The journey to obtaining full GMC Registration with a licence to practice requires hard work, determination and passion. So, when the time comes to interview for NHS posts, it is a rather exciting time. However, it is essential that you are prepared so you can demonstrate to the hospital that you are the appropriate doctor for the job available.
An interview is not just about reciting well-rehearsed answers to common question, it is an opportunity for a conversation between you and your prospective NHS Trust, a chance to build rapport, impress and gather essential information.
When you are preparing and sitting your interview, consider the following:
If you are working with an agency to secure your position leave the salary negotiations to them. Try not to ask about pay in your first interview; ensure you portray your true interest in the opportunity instead. Your recruiter will be able to give you the salary scale before your interview so you should already know what to expect in terms of salary - use this opportunity to dig deeper into the job role itself.
This question provides the department with the opportunity to tell you about the size of the department, the number of doctors and nurses working within it and the volume of patients seen. This will help provide you with an indication of the responsibilities and whether that meets your expectations.
Here you can get an indication into your hours, patients you will see, on-call schedule and weekend schedules and how the department is generally run.
3. What are the ultimate goals for this medical institution?
It is important to first consider your own personal goals: What drove you into medicine? Why do you enjoy being a doctor? Then during the interview, you can find out the department’s goals and if your goals align, how you can help work towards those goals.
This will show the department your ambition to succeed, it emphasises that you are conscious about your future career in the UK and that you indend to within that NHS Trust. It is always a good idea to be aware about progression opportunities as you do not want to later realise that there is no scope to move up.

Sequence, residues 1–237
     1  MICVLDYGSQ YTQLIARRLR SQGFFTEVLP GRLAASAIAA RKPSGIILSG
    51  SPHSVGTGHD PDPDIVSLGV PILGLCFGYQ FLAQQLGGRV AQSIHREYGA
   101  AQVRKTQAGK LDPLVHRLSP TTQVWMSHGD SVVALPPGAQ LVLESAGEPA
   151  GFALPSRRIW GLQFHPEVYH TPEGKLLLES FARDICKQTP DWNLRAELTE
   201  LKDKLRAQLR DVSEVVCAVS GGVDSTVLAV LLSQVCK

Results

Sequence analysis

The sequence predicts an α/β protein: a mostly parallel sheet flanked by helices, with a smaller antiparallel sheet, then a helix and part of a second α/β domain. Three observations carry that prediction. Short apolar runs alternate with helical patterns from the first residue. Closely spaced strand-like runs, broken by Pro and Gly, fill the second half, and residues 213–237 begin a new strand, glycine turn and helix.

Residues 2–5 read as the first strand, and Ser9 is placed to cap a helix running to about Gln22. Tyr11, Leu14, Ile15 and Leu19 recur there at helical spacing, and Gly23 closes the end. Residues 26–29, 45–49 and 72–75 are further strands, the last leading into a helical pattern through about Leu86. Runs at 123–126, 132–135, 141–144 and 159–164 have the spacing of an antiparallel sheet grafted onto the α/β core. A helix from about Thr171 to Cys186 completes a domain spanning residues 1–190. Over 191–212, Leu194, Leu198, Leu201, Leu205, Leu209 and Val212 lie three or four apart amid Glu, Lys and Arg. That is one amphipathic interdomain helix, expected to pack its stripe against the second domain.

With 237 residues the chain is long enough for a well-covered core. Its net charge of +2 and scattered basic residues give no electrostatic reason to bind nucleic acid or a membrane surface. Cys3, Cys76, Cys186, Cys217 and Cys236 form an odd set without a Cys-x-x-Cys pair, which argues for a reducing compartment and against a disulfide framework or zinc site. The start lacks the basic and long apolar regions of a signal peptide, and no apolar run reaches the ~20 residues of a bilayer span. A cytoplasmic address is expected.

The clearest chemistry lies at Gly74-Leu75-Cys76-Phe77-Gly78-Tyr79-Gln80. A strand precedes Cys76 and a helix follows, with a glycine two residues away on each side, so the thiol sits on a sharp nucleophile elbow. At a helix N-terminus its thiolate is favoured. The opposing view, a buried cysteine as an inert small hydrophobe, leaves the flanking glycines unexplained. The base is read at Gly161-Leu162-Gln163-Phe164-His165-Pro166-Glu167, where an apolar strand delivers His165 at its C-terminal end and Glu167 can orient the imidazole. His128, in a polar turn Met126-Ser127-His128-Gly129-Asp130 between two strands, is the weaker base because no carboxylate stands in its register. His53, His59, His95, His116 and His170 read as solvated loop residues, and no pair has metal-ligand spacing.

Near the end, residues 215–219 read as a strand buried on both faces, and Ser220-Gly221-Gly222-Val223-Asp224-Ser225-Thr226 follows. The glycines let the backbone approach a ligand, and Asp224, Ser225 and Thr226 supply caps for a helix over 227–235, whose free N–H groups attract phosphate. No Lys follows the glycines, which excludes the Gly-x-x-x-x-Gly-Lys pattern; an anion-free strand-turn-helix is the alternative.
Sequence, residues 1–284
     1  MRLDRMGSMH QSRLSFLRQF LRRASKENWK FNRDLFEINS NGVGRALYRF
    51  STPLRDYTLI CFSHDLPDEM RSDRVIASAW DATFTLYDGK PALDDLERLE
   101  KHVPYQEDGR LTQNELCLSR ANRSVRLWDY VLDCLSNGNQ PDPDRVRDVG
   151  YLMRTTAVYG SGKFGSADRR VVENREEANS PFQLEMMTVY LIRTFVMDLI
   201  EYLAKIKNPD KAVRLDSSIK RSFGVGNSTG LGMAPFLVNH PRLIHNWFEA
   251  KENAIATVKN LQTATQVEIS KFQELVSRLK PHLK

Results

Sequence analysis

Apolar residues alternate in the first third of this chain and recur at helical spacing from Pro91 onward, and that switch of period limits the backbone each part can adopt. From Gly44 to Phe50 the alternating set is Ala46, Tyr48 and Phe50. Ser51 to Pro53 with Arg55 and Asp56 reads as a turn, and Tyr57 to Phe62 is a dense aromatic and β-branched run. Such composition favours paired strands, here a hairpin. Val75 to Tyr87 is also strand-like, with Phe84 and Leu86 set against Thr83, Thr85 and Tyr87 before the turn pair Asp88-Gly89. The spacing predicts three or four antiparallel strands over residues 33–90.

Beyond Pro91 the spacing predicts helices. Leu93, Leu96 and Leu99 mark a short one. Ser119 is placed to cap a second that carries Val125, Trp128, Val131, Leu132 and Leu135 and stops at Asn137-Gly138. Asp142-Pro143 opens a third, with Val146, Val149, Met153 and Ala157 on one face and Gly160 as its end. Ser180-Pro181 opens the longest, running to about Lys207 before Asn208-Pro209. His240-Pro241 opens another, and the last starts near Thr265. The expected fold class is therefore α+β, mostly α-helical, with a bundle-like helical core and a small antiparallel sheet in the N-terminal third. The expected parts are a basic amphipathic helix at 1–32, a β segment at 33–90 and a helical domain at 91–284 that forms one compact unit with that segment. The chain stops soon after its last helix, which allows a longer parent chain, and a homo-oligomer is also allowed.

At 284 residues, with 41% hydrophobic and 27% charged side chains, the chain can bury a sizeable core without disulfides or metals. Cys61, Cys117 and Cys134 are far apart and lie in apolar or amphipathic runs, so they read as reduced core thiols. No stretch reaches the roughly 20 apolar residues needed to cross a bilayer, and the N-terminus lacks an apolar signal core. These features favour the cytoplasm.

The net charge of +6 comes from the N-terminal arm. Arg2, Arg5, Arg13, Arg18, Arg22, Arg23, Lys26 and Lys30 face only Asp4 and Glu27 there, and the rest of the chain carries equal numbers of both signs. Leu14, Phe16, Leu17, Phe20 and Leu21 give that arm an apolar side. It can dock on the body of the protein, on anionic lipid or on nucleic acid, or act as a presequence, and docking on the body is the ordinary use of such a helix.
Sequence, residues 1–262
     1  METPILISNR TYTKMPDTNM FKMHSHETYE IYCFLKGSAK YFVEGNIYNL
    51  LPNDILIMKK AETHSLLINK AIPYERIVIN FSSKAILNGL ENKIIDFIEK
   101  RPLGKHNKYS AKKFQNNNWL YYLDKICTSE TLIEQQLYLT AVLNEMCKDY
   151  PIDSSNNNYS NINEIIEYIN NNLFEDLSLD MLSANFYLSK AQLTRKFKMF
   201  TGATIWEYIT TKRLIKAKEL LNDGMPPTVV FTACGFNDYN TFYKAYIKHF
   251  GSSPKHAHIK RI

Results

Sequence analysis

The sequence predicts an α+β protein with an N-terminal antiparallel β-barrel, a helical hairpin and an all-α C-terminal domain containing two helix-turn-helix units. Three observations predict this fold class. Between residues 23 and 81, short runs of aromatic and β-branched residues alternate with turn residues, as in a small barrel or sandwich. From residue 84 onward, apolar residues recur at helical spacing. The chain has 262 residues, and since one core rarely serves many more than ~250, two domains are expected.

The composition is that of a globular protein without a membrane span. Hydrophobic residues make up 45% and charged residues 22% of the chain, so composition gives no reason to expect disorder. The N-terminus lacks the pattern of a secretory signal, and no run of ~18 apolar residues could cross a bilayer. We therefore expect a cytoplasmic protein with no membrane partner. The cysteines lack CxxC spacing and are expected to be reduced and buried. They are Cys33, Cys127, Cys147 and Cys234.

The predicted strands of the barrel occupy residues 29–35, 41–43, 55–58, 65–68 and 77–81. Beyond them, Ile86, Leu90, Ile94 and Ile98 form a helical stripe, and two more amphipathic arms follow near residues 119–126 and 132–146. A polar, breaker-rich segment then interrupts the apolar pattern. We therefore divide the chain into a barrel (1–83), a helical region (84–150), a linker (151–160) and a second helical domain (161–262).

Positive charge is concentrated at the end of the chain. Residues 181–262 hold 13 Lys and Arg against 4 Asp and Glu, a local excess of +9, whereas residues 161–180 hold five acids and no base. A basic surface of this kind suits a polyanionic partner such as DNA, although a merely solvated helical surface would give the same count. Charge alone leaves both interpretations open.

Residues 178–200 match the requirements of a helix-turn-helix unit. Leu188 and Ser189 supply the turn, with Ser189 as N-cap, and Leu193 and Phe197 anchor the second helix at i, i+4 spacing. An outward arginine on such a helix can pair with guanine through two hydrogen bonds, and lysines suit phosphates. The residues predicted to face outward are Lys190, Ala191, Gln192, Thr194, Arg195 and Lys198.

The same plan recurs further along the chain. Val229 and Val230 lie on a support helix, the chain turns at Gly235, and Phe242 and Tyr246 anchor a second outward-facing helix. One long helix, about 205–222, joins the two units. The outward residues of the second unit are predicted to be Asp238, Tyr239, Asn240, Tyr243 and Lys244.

5. Is there an opportunity for an induction? How will my performance be measured?
Asking this will show that you want to develop your skills and you are striving to succeed within your new NHS role.
6. What are the next steps of the process?
Some HR departments take a while to get back to you, so by asking this it can give you a rough idea of when you should expect to hear by and save you from excessively checking your emails. It is also a good neutral question to end on as it is a good way to draw the interview to a close.
7. What will my first three months look like?
By asking this question, you will get a great insight into the induction period and it will allow the department to discuss the job role with you with specifics such as the supernumary rora.
8. How will my job change over the first year or so?
If you are a senior doctor with CESR secondments as part of your job, this will usually happen after the first 12 months and so, it gives the hospital a chance to mention this. Depending on what the hospital offers you, it will usually help you decide whether this opportunity is for you.
9. Will there be an opportunity to take part in formal training?
Most doctors are ALS/BLS providers and you will need to have the required qualification. Some doctors have a true passion for it and hospitals will give those docotrs the chance to explore this. If not, this question could be interpreted as "Could I take these courses as a student?" so, the hospital will see it as something positive. either way.
If you would like help with answering the questions asked by the NHS department, have a read of our blog post here where we provide example NHS interview questions with answers.
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